|Distance:||9.8 miles (15.8 km)|
|Meets:||A417, A4130, B4017|
|Old route now:||B4493|
|Route outline (key)|
The B4016 is an L-shaped B-road through Didcot in Berkshire.
It starts in Blewbury, a village on the northern slopes of the Berkshire Downs, and heads north from the A417 on the eastern edge of the village. The first mile or so, called Bessel's Way, is quite straight before the road starts to bend before passing through East Hagbourne and into Didcot. A roundabout is reached and the B4016 turns right along the pre-bypass A4130 to cross the railway line and meet that A-road at the next roundabout.
The B4016 heads north on a multiplex along the A4130, although prior to the A4130 bypass being built this was the main line of the B4016. After half a mile the A-road TOTSOs left and the B4016 continues ahead northward. Nearly a mile later it reaches a T-junction and turns left. Presently, after the signs marking the entry to Appleford on Thames, our road TOTSOs right in front of a level crossing of the Oxford to Didcot railway line and heads north through the village before turning to head west once more. The railway line is crossed by Appleford station and the B4016 continues through Sutton Courtenay before reaching Drayton. It ends at a mini-roundabout here on the B4017 (pre-bypass A34).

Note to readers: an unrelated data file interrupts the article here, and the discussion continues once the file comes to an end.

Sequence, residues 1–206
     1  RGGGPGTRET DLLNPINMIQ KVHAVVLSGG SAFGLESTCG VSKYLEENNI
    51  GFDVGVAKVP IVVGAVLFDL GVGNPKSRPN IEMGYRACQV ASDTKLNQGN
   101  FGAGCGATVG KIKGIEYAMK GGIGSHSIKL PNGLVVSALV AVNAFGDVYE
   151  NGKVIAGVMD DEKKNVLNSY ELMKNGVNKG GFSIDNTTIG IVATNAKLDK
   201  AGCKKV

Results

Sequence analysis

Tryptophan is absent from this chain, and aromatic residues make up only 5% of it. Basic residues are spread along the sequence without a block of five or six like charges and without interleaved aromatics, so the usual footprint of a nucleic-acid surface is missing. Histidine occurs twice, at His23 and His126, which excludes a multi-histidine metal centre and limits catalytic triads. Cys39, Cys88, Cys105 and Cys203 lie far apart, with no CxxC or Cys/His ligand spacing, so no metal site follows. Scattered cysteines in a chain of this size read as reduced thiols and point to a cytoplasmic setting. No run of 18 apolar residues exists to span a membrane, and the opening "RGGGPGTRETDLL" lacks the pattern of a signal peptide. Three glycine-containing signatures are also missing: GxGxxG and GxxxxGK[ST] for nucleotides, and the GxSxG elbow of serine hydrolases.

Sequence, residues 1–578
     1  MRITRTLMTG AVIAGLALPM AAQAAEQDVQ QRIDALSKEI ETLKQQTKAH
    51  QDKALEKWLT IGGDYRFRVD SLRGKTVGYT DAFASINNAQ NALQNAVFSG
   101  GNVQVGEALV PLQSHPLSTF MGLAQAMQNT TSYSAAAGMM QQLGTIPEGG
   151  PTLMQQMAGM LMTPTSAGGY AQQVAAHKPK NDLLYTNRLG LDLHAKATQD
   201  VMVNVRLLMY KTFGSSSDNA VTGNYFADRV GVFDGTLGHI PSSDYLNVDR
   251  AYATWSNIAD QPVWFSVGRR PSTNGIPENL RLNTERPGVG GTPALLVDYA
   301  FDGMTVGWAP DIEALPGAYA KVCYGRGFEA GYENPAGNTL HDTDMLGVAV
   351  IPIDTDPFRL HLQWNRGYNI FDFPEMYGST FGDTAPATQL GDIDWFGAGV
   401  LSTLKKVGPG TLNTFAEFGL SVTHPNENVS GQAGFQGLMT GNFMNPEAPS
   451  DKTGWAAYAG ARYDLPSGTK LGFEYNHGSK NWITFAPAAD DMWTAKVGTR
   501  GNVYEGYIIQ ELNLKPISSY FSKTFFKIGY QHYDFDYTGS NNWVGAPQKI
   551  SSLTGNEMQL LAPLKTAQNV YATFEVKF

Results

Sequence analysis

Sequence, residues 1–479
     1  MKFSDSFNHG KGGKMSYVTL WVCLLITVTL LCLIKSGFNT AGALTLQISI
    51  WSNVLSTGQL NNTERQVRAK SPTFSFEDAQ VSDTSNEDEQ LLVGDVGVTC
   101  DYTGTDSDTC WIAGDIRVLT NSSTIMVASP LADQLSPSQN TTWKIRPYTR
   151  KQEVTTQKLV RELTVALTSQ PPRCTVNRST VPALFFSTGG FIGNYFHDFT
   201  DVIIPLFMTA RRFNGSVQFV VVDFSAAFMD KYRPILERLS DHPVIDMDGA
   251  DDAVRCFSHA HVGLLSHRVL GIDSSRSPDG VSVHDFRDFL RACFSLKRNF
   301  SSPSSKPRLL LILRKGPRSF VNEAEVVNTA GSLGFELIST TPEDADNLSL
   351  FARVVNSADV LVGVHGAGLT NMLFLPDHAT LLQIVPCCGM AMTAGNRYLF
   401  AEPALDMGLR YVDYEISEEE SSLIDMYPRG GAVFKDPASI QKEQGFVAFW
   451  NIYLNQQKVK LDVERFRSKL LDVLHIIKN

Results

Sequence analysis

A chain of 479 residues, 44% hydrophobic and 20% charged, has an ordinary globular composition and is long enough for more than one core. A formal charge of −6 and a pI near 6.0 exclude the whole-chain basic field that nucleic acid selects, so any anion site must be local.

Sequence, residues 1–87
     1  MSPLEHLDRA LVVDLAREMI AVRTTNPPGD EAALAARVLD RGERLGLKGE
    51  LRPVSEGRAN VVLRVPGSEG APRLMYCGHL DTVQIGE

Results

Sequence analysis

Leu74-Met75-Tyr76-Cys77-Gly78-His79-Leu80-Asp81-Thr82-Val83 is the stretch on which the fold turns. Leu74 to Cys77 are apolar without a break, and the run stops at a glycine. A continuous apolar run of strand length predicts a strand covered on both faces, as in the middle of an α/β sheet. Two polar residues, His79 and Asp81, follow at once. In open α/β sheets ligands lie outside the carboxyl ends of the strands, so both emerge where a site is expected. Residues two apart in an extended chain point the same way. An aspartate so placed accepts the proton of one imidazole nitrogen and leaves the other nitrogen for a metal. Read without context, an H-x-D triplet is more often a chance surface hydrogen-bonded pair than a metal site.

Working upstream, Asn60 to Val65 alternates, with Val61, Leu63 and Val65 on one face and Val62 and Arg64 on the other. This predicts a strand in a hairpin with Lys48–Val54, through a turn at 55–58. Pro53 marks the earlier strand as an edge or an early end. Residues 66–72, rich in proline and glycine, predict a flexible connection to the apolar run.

None of the route above was numbered B4016 in 1922. In fact, almost all of it was unclassified. The original route of the B4016, however, was nearby as it connected Didcot railway station (from the western end of Station Road) to the rest of the classified network: that is to say, to what was originally the B4007 but was soon upgraded to become the A4130.
The 1932 Ten-Mile Map shows the current route of the B4016 in existence and the original route (i.e. Foxhall Road, Didcot) is still shown as a classified road albeit with no number. Given that spurs did not exist until 1935 it is not known what number the "old road" had become by then, but it is likely to have been B4493, which is the number shown on the 1939 Ten-Mile Map and which it retains to this day, although the route of that road has since been extended at both ends.